Getting Ahead: The Ultimate Guide to CV Writing

Your CV, also known more formally as your curriculum vitae, may be all a prospective employer has to go on before they decide whether or not to call you in for that fateful interview. If your CV doesn’t stand out, chances are good that you are going to get bumped to a lower priority or excluded completely! How can you make sure that your CV tells your prospective employer what a good match you can be for their needs?

Look Up a Template

If you are not a CV professional, start by making sure that you have a template to work from. There are dozens of different templates out there, and while they basically convey the same information, they convey it in different ways. If you have worked with prestigious employers, you of course want to make sure that their names are prominently displayed on your CV. On the other hand, if you have many skills but fewer legitimate positions, consider listing your skills first.

Cool It Off

After you have written your CV, you are likely eager to get it out there. However, the thing that you need to remember is that it is by no means perfect yet. Put the CV away for a few days or even a week. After that, come back and look at it with fresh eyes. You’ll find that a rest period can go a long way towards getting you the kind of perspective you need. At the very least, it can help you pick out egregious errors that might otherwise have gone unnoticed!

Keep It Simple

There are people who feel that their CV should be decorative and attention-getting, but unless you are in a graphic design field, this is mistaken. Avoid the urge to use fancy fonts or images on your CV. This tends to make you look unprofessional in the extreme. If you are a graphic designer or someone who works with visual effects, you need to consider things like weight and symmetry, but even that is something that is more of an extra. All that should be on your CV is text. 

Run It By Other People

Ideally, you will run your CV by people that you know in the field. However, even if you do not know anyone in the field that you are entering, you can still share your CV with people that you know and trust. Ask them how they feel about it, and whether they see any errors. Having a fresh set of eyes on your work is always beneficial.

This guest post was written by BCL Legal – Providers of recruitment services in the Legal field.

Categories: College Life   Tags: resume, CV, CV writing, resume writing

Tips on How to Write a Resume

Sooner or later, each of us faces the necessity to write a resume or curriculum vitae (CV), another word for it. It is not evaluated with the grade, it doesn’t influence a course grade; the role resume (CV) plays in our life is more important for it is our spokesman before the employer. To put it short, a resume (CV) is a one- or two-page writing where a job seeker presents his/her education, work experience, skills in order to persuade an employer to provide him/her with a job. To write it in a proper way, you are to take into consideration a number of requirements that are typical for this genre.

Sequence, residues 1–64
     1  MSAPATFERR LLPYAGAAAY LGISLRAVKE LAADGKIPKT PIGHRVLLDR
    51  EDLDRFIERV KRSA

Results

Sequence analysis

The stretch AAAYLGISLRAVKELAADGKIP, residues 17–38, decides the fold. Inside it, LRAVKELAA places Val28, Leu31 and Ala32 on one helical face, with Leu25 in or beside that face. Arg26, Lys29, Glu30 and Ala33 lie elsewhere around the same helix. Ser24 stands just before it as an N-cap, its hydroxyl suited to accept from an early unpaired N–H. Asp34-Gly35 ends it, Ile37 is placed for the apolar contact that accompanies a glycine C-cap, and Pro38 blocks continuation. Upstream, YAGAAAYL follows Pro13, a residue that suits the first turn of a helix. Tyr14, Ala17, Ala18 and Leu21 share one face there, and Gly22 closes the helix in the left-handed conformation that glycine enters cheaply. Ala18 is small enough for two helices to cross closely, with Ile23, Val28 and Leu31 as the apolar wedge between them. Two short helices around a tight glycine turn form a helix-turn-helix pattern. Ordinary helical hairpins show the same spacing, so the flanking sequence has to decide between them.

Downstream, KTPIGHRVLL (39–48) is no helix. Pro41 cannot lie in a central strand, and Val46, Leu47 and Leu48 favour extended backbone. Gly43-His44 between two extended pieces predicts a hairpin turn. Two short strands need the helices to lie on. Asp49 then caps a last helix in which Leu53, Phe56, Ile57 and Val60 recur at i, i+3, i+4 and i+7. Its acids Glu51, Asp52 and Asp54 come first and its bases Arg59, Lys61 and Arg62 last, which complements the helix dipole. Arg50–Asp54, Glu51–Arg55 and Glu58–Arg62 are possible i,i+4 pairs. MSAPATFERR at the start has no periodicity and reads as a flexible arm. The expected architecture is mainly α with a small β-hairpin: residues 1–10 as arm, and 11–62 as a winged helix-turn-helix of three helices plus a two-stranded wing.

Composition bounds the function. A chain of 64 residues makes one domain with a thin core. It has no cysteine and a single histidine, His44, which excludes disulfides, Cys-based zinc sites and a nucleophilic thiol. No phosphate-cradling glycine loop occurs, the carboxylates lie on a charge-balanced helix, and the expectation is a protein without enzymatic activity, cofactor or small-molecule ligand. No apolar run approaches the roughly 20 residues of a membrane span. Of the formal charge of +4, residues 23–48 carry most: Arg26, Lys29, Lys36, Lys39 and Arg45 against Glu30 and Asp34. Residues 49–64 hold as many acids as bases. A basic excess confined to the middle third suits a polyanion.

What to write in a resume (content)?

  1. Work experience: not only full-time jobs; underworking, babysitting, and other occupations of that kind should be presented here. Volunteer activities may be included in the resume (CV) or enumerated in a separate list.
  2. Education: you are to mention elementary and higher education, advanced training courses, courses in foreign languages, refresher courses, if any.
  3. Military experience, if any.
  4. Achievements in other spheres: sport awards, participation in some creative projects or contests.

How to write a resume (style)?

  1. Be brief and meaty: try to make the most efficient use of the one or two pages you have, present information in a form of items, keep in mind that your working experience and education are two the most important things.
  2. Be persuasive: explain why you are the right man for this job. Avoid overpraising yourself or flattering your employer; try to sound argumentative and use facts to support your claims.
  3. Be honest! Never resort to false data to get a job for in the majority of cases, information is being checked. Even if not caught, you’ll be for sure asked to perform the functions “you were already occupied with”. In order not to seek for excuses, tell about the experience you really have.

Technical specification.

  1. Try to scram all the information in two pages.
  2. The most popular typefaces are: Times New Roman, Souvenir, Palatino Linotype, Bookman Old Style, Courier New.
  3. Use size 12 so that your employer doesn’t have to strain to read the information. There should be one space between lines and double space between paragraphs.
  4. In the top right corner give your contact information: your first and last names, address, phone number, e-mail; in the top left corner write the name, position, place of employment, and its address of the employer. Then shift it several lines below.
  5. Check your resume (CV) to avoid mistakes in grammar and punctuation.

Good luck with your resume!

Categories: Writing Tips   Tags: tips on how to write a resume, resume, curriculum vitae, CV